Researchers in the US have invented an imaging agent that allows magnetic particle imaging (MPI) of lung perfusion in rats. The test bodes well for the clinical use of MPI, which unlike other lung-imaging techniques delivers no ionizing radiation and only requires small amounts of the agent to be injected.
MPI is an emerging imaging technique that forms direct images from the location of superparamagnetic iron oxide nanoparticles (SPIOs) injected into the bloodstream. The images are high contrast because they rely on electronic rather than nuclear magnetization as in nuclear MRI; but unlike other high-contrast imaging techniques, such as PET, CT and X-rays, they require no ionizing radiation.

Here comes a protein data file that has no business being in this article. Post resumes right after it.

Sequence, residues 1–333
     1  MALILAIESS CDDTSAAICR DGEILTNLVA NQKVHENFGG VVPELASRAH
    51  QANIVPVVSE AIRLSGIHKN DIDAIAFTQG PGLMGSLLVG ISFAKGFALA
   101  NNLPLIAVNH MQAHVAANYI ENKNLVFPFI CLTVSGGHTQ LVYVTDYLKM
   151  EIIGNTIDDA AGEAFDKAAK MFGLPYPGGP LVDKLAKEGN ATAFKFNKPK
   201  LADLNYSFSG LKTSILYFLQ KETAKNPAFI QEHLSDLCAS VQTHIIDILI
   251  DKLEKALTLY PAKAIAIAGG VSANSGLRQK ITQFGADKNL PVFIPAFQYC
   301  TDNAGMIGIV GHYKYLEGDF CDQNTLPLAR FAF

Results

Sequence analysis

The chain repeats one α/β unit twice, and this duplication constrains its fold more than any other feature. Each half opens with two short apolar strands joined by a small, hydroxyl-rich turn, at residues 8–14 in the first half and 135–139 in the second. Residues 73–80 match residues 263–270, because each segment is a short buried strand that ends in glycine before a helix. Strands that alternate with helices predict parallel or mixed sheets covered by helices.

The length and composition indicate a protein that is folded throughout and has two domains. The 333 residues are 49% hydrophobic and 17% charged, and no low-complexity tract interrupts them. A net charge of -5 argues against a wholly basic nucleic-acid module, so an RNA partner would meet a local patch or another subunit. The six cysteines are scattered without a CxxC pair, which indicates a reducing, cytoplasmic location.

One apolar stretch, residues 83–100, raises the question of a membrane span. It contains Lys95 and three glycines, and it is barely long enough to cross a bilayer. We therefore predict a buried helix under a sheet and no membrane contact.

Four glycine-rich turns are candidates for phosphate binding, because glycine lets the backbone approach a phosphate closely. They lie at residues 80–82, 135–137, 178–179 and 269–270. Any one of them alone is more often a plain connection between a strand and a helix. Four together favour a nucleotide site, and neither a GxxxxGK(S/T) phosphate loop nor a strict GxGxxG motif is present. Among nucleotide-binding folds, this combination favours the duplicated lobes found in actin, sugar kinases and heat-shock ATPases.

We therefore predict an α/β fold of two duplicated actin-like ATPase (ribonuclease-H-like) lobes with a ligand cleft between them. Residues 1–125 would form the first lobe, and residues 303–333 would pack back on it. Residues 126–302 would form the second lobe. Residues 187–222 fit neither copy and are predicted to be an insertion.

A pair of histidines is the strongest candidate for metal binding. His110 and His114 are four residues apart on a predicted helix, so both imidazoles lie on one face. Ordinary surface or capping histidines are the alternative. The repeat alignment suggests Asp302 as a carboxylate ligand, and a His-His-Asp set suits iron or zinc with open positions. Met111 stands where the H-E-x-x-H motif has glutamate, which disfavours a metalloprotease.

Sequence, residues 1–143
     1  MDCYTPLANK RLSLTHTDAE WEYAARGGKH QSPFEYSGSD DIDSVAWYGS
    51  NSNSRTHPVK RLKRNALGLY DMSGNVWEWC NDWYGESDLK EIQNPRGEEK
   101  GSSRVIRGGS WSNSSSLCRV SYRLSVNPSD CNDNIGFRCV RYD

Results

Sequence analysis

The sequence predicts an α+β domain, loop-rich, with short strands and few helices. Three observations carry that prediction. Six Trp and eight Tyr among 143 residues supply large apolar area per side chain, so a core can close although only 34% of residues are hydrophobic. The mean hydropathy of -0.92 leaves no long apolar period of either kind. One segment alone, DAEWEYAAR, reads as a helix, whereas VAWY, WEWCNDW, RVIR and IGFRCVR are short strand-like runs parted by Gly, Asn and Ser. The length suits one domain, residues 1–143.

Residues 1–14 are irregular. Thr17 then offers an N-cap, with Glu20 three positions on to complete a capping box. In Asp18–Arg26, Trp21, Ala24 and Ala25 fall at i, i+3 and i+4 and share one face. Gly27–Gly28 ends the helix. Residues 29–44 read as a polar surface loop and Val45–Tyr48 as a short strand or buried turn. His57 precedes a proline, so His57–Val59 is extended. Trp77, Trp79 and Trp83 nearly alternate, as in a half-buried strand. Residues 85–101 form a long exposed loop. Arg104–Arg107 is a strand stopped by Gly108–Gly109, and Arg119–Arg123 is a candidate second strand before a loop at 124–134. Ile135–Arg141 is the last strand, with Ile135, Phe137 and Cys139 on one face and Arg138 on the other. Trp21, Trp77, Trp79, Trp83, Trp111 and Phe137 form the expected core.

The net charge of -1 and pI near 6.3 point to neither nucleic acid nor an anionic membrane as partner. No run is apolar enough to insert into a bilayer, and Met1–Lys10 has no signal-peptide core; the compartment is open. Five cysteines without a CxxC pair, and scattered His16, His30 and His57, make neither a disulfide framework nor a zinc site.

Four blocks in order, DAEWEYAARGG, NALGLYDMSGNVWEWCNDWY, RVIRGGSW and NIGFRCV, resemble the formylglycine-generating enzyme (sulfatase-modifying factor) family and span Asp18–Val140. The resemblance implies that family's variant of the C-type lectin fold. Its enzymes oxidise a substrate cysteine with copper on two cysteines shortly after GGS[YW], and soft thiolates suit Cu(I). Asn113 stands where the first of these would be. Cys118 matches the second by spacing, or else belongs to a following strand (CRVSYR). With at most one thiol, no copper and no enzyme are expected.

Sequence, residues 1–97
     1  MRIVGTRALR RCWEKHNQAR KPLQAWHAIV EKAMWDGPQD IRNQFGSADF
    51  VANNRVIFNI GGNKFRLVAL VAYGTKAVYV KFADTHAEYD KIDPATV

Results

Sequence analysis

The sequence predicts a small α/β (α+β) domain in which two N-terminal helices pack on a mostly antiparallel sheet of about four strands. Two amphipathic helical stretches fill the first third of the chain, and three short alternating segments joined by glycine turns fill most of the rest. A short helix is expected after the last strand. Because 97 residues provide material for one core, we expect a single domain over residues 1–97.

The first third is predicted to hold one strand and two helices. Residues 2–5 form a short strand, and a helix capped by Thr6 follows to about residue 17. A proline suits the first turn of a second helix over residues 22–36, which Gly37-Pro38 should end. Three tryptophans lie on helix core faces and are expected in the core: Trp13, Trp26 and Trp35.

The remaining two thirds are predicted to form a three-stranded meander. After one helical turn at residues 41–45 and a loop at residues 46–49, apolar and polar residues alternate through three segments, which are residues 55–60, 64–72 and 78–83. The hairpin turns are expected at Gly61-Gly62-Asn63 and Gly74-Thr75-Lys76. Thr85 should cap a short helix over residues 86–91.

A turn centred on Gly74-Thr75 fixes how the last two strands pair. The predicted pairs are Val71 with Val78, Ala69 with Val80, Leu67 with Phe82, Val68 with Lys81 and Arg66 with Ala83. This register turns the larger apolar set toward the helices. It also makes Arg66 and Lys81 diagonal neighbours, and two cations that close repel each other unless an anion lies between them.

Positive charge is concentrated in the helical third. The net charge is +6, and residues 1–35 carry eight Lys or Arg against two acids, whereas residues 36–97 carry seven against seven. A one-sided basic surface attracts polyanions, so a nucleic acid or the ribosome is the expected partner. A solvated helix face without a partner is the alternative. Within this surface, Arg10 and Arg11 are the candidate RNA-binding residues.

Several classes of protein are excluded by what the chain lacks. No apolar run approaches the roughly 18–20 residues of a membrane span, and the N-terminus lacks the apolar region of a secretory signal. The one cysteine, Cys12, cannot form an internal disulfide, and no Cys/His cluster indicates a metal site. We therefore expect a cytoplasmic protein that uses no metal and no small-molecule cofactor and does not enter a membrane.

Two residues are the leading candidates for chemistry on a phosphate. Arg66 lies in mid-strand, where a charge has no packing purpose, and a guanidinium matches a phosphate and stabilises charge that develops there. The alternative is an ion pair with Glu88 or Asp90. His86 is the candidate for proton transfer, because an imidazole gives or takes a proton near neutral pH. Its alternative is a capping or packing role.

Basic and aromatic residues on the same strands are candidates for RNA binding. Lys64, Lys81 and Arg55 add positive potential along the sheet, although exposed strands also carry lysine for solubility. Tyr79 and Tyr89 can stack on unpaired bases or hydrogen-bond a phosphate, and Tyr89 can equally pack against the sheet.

MPI scanners themselves are in the early stages of commercialization. Meanwhile, Steven Conolly and Xinyi Zhou of UC Berkeley and others have developed the first MPI agent for imaging a particular organ, the lungs. The agent is an aggregate of SPIOs and macroaggregated albumin (MAA), the latter of which has already been used in nuclear medicine studies of the lungs because it is several times thicker than a lung’s capillaries. “In those studies, radiotracers are incorporated into the MAA to produce an image,” says Zhou. “Hence, we came up the idea to incorporate SPIOs into the MAA to produce an MPI lung image.” […]
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